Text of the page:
"But seeing they could not See; hearing they could not Hear"
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"From its chamber comes the whirlwind, and cold from the scattering winds." - Job 37:9.

"The wind blows to the south and turns to the north; round and round it goes, ever returning on its course".

Wednesday, January 13, 2016

Chance of "Inclement" Weather Early Friday

Exploration Tower - Cape Canaveral, Florida
TODAY THRU THURSDAY: Continued cool today with more clouds. Latest satellite imagery shows a continuous stream of high and some mid clouds associated with the Southern Branch Jet flowing overhead with no end in site. Cloud cover will temper afternoon highs today, so probably will not be as warm as yesterday was . In case there is any doubt concerning cloud cover...see below:


This is the period of concern and in question which all eyes are focused on. A weak surface low will be forming in the Western Gulf as an upper level circulation and associated energy field (vorticity) progresses from west to east from the Baja and across Mexico. It appears the surface reflection (weak low) will be picked up by the upper level feature and create a better organized system to move ENE to eventually NE along the northern Gulf Coast from Southern Louisiana toward North Georgia. 

Meanwhile, big changes in store for Florida overnight Thursday night. 

The GFS and to some degree the NAM have come into agreement that a 'pseudo-warm front will form then lift north from South Florida.

 Most discussions concerning that boundary take the boundary north of I-10, but for blog purposes will state that it appears the 'true warm front' will remain near to south of I-4. 

The other would be an 'elevated warm front' at 2000ft AGL (Above Ground Level) which makes it much further norht. This is shown in the following image - and reflects only what the latest guidance has shown. Chances are, this will change several more times.

Otherwise, it appears there will be two areas of 'concern' regarding the overall scheme of things. 

Toward North Florida is where the most rain might fall in association with one vorticity max. Another might be further south to cross 'somewhere Central Florida". Rainfall further south might get very heavy, but the fast storm/shower motions should prevent there from being any large accumulations in this area.

If there is that secondary vort max further south, it will pass over head the more 'surface based warm front' laying across 'somewhere Central Florida".
By experience, this boundary is often forecast to lift further north than it actually does, but will ride with the Central Dividing line (show below).

 There is no question that ample shear: bulk/directional - will be overhead but instability is sorely lacking at least at first. 

Low CAPE/high shear is typical in the winter months during severe weather events - and the 'worst' weather usually occurs along these 'pseudo-warm fronts' where helicity is maximized along with the higher dew points along and south of that boundary.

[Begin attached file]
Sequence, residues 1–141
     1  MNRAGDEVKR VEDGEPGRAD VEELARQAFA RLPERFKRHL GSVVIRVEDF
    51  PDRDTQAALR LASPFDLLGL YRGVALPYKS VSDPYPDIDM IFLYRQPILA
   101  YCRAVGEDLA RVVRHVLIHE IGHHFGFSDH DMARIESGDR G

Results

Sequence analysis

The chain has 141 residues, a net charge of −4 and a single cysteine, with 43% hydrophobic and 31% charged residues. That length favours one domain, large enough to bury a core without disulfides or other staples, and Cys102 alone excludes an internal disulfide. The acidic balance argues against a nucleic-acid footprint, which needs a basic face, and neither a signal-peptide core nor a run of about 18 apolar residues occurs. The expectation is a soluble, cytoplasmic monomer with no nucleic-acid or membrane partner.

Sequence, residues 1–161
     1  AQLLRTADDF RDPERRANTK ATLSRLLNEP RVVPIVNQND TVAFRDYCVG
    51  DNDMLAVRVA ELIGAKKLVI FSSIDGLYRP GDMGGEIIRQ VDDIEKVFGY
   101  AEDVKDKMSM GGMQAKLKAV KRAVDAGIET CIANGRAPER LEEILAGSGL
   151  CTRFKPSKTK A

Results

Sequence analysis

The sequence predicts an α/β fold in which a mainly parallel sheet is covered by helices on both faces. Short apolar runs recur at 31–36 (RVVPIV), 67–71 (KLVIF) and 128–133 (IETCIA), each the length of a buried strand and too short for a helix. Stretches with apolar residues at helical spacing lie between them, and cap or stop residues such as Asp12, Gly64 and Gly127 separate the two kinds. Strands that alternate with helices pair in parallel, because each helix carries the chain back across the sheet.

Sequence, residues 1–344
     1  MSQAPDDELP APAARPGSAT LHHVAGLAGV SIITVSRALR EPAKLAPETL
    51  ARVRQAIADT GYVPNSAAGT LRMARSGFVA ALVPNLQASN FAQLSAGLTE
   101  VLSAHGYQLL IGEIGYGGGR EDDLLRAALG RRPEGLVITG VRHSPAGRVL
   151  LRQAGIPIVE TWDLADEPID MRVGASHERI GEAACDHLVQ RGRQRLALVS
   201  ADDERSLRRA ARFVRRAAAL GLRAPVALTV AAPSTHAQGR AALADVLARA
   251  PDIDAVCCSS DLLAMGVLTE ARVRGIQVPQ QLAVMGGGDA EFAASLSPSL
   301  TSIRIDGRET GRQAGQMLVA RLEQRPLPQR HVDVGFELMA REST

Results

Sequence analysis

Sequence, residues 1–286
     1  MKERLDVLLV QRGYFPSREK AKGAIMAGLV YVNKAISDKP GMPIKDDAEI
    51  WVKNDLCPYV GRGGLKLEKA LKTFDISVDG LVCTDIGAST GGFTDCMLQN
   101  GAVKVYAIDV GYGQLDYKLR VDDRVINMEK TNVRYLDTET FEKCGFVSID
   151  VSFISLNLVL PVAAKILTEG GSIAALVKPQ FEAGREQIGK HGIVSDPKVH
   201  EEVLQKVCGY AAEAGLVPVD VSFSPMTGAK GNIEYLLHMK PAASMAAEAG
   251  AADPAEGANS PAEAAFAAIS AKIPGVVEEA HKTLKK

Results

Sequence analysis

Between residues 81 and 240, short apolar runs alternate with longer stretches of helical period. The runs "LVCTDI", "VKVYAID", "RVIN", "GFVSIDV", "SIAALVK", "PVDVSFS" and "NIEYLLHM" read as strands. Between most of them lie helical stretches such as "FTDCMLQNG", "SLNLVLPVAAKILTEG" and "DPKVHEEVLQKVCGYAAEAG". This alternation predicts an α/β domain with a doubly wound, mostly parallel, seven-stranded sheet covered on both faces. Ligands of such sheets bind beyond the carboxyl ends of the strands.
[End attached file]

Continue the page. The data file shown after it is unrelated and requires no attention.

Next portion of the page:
Coastal Martin to Brevard are areas of interest as are coastal areas of SW Florida toward Cedar Key/ Brooksville regions since over night Thursday night solid SSE winds will form and advect warmer Gulf Stream relate air up the coast. Thus, some surprise showers with maybe even thunder could occur well in advance of where eyes are focused on. These too, are worth mention which would occur before sunrise (after midnight). 

 Storms, if any, could rapidly change character if so within about 20 miles of the east coast especially as the wind fields aloft will be quickly changing character (strength and direction in a short time frame between midnight and 7AM Friday morning).

So far, best chances for 'severe' type weather would be for the east coast from 4AM -10AM in possibly two separate scenarios to unfold as the surface trough approaches form the west. 

The biggest threat is wind which could gust well in excess of 60 mph (would it be too much to gander a  random report over 75 mph?)  though a tornado cannot be ruled out, especially near the surface warm front and/or close to the east coast from Cape Canaveral and south toward Ft Pierce.

NOTING: The Storm Prediction Center and NWS Offices are watching for 'severe' in their wordings, though SPC is taking the much more conservative approach, mentioning only thunder and possibly an isolated quick tornado. Overall, it appears parts of the state might fall under what is termed a "Marginal Risk" due to the low instability situation and isolated nature of any 'severe' storm like activities.

The system will swiftly move through and the 'all clear' might be heralded by noon time Friday with brisk winds to follow and actually warmer temperatures than recent days (70Fs). 

Another system is in the cache though for early Sunday. This one too, will be tricky. Suspect some of the moisture will be scoured out by the first system; but on the other hand, some of the wind fields are almost more impressive than the first. 

Looks like a situation for 'gusty rainfall' though it does have a bit of a 'squall line (ish)' signature on it.

BEYOND EARLY SUNDAY: Much cooler going into Tuesday through Thursday, after Sunday late morning as winds become westerly and gusty..cooler air is to follow though similar to recent days for a good stretch. 

How cool remains in question, but some freezing temperatures north of I-4 are not totally out of the question as was the case just recently. 

Further south from Cape Canaveral downward, much like what was just experienced and is being attested to this morning.

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